List Virtualization in React with TanStack Virtual

Anton Ioffe - March 22nd 2024 - 9 minutes read

In the rapidly evolving landscape of web development, React developers are constantly seeking methods to enhance application performance and user experience, especially when managing extensive datasets. Enter the world of list virtualization through the lens of TanStack Virtual, a cutting-edge library that is redefining how we handle large lists and grids with unmatched efficiency. Our journey will take us from foundational setups to mastering advanced list management techniques, delve into optimizing performance and memory usage, and navigate the common pitfalls to secure a seamless user journey. Whether you're looking to adopt list virtualization or refine your existing implementations, this article promises to equip you with the knowledge and skills to leverage TanStack Virtual in crafting highly responsive and efficient React applications. Prepare to transform your approach to handling massive datasets with insights tailored for the seasoned developer.

Understanding List Virtualization and The Role of TanStack Virtual

List virtualization represents a transformative optimization technique within web development, particularly when it comes to managing extensive datasets in React applications. At its core, list virtualization involves rendering only those items that are currently visible to the user within the viewport, rather than loading and displaying an entire dataset all at once. This methodology dramatically decreases the number of DOM elements that need to be created, managed, and manipulated, thereby significantly reducing the computational load. As a result, applications benefit from faster rendering times and improved overall performance, providing a smoother and more responsive user experience even when dealing with large lists or grids.

TanStack Virtual emerges as a potent library designed to leverage list virtualization effectively within React projects. It specializes in rendering only the items necessary based on the user's current scroll position. By doing so, TanStack Virtual ensures that applications remain agile and responsive, regardless of the dataset's size. This is particularly valuable in scenarios where rendering thousands or even millions of items could lead to severe performance degradation. With TanStack Virtual, developers have a robust tool at their disposal that can intelligently manage data rendering, tailoring the user experience to focus on what's currently visible — and relevant.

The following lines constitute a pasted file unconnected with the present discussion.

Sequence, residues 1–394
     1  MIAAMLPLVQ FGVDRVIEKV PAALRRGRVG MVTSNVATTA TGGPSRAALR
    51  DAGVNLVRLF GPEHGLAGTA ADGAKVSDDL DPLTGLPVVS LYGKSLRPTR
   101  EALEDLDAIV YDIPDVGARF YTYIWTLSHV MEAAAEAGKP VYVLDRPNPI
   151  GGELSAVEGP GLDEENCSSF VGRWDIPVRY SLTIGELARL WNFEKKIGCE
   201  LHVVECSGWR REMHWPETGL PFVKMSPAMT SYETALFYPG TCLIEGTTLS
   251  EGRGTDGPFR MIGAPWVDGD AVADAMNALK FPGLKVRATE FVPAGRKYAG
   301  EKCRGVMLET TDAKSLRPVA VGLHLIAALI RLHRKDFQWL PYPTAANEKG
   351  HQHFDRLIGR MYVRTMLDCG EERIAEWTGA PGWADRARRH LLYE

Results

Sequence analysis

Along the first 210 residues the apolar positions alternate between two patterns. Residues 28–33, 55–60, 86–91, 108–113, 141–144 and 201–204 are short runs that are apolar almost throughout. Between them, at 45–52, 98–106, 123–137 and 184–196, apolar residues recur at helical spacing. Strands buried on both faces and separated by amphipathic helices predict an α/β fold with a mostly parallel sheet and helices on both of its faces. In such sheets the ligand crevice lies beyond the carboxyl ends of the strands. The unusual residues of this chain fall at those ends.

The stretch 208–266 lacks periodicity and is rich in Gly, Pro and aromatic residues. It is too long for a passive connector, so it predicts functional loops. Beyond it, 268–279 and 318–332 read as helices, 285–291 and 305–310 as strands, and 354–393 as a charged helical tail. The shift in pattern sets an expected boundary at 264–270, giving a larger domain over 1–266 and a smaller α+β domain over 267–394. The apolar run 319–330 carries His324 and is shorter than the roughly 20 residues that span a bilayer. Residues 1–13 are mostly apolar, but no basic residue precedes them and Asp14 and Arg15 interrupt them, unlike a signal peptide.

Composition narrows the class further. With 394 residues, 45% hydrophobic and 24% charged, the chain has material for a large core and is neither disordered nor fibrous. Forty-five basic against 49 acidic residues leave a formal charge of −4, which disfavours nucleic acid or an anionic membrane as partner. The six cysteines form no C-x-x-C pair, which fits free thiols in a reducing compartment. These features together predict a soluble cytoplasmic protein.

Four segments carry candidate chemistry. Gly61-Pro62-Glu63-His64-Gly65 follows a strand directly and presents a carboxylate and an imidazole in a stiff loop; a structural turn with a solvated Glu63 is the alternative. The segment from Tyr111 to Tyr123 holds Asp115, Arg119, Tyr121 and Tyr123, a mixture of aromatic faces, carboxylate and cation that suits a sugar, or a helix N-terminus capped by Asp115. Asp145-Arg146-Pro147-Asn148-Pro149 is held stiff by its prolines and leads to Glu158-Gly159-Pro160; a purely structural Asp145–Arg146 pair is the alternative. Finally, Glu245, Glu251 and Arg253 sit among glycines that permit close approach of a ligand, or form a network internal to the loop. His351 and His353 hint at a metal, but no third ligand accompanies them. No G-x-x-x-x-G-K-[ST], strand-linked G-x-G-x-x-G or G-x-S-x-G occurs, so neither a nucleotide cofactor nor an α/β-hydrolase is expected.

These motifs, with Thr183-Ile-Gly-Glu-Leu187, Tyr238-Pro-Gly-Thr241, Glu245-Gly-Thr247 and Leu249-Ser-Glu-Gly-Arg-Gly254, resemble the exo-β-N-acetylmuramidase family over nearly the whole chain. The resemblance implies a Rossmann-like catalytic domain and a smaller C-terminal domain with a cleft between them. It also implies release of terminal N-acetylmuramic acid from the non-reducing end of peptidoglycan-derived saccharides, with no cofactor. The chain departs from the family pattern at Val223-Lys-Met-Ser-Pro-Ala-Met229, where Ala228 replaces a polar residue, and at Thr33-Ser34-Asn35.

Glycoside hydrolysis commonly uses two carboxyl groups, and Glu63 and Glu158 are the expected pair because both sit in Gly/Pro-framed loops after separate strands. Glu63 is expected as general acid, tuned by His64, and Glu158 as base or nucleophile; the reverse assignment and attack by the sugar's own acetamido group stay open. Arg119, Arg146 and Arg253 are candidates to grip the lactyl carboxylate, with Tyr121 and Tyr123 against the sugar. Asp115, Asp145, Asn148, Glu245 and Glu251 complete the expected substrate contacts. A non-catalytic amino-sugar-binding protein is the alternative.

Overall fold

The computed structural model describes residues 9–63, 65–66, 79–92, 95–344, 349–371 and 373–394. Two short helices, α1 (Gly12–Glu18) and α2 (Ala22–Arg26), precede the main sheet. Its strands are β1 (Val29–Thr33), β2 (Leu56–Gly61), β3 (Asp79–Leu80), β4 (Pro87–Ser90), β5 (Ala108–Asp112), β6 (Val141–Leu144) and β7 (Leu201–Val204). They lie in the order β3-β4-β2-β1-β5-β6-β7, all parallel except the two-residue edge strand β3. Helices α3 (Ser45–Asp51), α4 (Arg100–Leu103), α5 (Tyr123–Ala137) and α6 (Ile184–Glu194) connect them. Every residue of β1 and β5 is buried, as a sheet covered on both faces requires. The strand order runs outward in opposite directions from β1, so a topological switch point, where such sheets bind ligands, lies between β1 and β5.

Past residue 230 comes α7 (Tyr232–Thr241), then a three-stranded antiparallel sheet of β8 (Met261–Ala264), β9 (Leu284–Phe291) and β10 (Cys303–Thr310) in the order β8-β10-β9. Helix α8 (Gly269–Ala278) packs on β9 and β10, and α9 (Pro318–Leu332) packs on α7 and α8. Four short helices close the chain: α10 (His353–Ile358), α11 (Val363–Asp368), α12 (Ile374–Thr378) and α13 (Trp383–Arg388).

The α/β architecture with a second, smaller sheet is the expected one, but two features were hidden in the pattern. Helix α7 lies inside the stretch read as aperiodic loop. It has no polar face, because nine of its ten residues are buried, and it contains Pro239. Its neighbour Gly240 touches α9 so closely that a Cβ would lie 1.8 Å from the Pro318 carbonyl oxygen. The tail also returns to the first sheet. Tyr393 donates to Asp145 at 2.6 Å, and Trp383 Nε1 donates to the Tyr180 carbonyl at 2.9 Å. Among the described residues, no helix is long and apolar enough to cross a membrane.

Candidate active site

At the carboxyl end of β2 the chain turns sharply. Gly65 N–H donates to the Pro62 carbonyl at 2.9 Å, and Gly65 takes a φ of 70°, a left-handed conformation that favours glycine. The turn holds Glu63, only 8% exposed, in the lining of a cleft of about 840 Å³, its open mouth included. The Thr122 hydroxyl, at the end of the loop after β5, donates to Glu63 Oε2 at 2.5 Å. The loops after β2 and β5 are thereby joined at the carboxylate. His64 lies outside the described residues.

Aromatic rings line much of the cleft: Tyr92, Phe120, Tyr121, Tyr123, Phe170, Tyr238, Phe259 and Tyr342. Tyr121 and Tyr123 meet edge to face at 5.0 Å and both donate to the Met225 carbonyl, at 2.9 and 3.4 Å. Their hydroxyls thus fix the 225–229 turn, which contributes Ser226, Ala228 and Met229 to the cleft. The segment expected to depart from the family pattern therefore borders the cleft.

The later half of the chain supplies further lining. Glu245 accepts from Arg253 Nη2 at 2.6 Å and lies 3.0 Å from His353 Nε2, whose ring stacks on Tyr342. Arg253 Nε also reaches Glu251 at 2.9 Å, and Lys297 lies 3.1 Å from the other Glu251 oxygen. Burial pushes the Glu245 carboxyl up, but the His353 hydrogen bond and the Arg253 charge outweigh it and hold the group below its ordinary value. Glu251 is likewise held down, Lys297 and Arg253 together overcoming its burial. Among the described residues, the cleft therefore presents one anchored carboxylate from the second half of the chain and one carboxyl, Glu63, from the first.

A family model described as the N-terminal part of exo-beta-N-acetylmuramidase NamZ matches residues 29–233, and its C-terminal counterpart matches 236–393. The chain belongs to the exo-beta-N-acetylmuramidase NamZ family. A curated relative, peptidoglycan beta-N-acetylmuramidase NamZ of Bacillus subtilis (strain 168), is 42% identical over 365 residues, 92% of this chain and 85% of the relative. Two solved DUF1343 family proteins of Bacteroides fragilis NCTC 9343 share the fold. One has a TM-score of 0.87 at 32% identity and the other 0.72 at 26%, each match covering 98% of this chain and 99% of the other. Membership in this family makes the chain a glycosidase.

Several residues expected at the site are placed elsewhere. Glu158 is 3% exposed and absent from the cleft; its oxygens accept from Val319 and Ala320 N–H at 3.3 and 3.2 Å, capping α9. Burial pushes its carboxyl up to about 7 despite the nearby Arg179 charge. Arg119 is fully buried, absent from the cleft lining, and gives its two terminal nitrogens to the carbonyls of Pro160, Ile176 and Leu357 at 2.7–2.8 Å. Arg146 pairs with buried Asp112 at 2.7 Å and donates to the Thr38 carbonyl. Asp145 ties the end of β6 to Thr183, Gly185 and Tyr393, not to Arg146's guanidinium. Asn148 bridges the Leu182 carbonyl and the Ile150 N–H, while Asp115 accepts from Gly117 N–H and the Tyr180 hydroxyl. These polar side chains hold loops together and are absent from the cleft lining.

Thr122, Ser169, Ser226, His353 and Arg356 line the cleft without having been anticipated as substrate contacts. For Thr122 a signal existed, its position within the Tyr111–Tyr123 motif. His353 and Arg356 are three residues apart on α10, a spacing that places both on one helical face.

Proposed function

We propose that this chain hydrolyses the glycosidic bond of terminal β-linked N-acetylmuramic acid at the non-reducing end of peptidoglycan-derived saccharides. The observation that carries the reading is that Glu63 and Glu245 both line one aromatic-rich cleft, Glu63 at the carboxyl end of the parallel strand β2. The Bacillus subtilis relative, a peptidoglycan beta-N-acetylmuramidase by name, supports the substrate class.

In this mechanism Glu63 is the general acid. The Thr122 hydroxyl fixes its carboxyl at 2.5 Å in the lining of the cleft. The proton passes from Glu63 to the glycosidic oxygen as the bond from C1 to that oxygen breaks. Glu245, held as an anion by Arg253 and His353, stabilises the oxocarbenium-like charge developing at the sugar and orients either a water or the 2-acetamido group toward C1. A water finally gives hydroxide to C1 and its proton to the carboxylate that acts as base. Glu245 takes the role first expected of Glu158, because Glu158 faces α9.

Understanding the significance of list virtualization and the role of TanStack Virtual begins with recognizing the challenges associated with managing large datasets. Traditional rendering approaches, where every item in a dataset is rendered simultaneously, can lead to an overwhelming strain on the browser's DOM, resulting in sluggish performance and unresponsive interfaces. This not only detracts from the user experience but can also pose significant barriers to scaling applications effectively. List virtualization addresses these challenges head-on, offering a proactive solution that prioritizes performance without sacrificing data access or visibility.

TanStack Virtual's approach to list virtualization is built around the concept of virtualized item rendering plus a small buffer area around the viewport. This buffer ensures that as the user scrolls through the data, new items are rendered just before they become visible, maintaining the illusion of a seamlessly endless list without the performance penalties associated with rendering the entire dataset upfront. The library provides developers with fine-grained control over how items are measured and rendered, allowing for customized implementations that fit the specific requirements of their applications.

In summary, list virtualization, facilitated by libraries like TanStack Virtual, plays a pivotal role in modern web development for React applications. It addresses the crucial need for efficient data handling and rendering in applications dealing with large datasets, ensuring that performance and user experience are not compromised. By intelligently rendering only the items within the user's immediate view and managing resources more effectively, TanStack Virtual helps developers overcome common challenges associated with traditional rendering methods, setting a new standard for responsiveness and efficiency in data-rich applications.